Social Stressors And Health Risk Behaviors In Occupational Health: Moving From Occupational Health Research To Policy | 3180
ISSN: 2161-0711

Journal of Community Medicine & Health Education
Open Access

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Social stressors and health risk behaviors in occupational health: Moving from occupational health research to policy

International Conference on Occupational Health & Safety Summit

Brandon N. Respress

Accepted Abstracts: J Community Med Health Edu

DOI: 10.4172/2161-0711.S1.003

Racial and ethnic minorities experience social, economic, and educational differences which may influence their mental health and health related behaviors. Studies exploring health risk behaviors, for example, often note significant differences among racial/ethnic groups but fail to consider the role of discrimination, prejudice, and racism, as social stressors, in creating or influencing these differences. Models used to examine health risk behaviors have been limited to socio-ecological, behavioral, or stress-related models that focus on the individual person without considering the broad societal factors, such as socioeconomic status and educational level, and their impact of employer-employee relations or influence of occupational policies on these risk behaviors. This presentation will introduce a conceptual framework adapted from the conceptualization of race and social determinants of health. This presentation will also discuss the use of the researcher-devised Social Determinants of Health Risk Behaviors Model to examine health risk behaviors and its significance to occupational health research and policy. Lastly, there will be a discussion of the policy implications on occupational health and access to mental health services.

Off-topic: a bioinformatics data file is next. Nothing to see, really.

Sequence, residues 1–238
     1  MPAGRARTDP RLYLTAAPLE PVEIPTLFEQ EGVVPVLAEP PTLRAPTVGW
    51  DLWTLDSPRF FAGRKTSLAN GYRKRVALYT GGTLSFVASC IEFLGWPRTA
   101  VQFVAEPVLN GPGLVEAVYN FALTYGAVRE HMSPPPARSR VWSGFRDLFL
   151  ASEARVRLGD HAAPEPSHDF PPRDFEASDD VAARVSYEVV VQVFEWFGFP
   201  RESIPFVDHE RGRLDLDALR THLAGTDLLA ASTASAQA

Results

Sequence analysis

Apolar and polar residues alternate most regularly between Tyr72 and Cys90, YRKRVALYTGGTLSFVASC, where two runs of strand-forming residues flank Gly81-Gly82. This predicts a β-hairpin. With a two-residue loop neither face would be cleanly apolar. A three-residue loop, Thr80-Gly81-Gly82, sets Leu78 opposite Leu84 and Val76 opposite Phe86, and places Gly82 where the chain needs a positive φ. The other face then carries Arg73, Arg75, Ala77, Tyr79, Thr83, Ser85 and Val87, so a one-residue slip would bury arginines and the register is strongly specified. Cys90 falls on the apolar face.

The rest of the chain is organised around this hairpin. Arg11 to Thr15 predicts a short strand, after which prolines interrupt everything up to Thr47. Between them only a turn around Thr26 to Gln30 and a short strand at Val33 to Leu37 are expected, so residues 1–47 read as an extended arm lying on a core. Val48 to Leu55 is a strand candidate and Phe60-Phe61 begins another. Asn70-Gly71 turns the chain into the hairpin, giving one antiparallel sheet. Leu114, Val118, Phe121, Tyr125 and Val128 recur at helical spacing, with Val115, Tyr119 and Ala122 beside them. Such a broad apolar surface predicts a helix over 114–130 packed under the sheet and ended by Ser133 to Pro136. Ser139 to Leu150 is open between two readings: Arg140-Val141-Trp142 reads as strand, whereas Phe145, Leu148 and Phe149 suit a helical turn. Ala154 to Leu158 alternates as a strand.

Brandon N. Respress, PhD, RN, MSN, MPH, PNP has extensive teaching experience in both baccalaureate and Doctor of Nursing (DNP) programs. The courses she has taught include Nursing Foundations, Pediatrics, Community/Public Health Nursing, Psychiatric Mental Health Nursing, and Medical/Surgical Nursing. She has finished her PhD from Case Western Reserve University, Cleveland during 2010. Her teaching and research has focused on adolescent risk behaviors, social determinants of health, vulnerable populations, and the effects of discrimination and racism on health behaviors. Consistent with her public health background, Dr. Respress emphasizes the importance of understanding health policy, health disparities, and how they impact communities and populations by engaging students in community based participatory research and learning activities. Dr. Respress believes that this combination of foci will help students to understand the dynamics of poor health across populations and further explore complex interrelationships among variables that impact their mental and physical well-being

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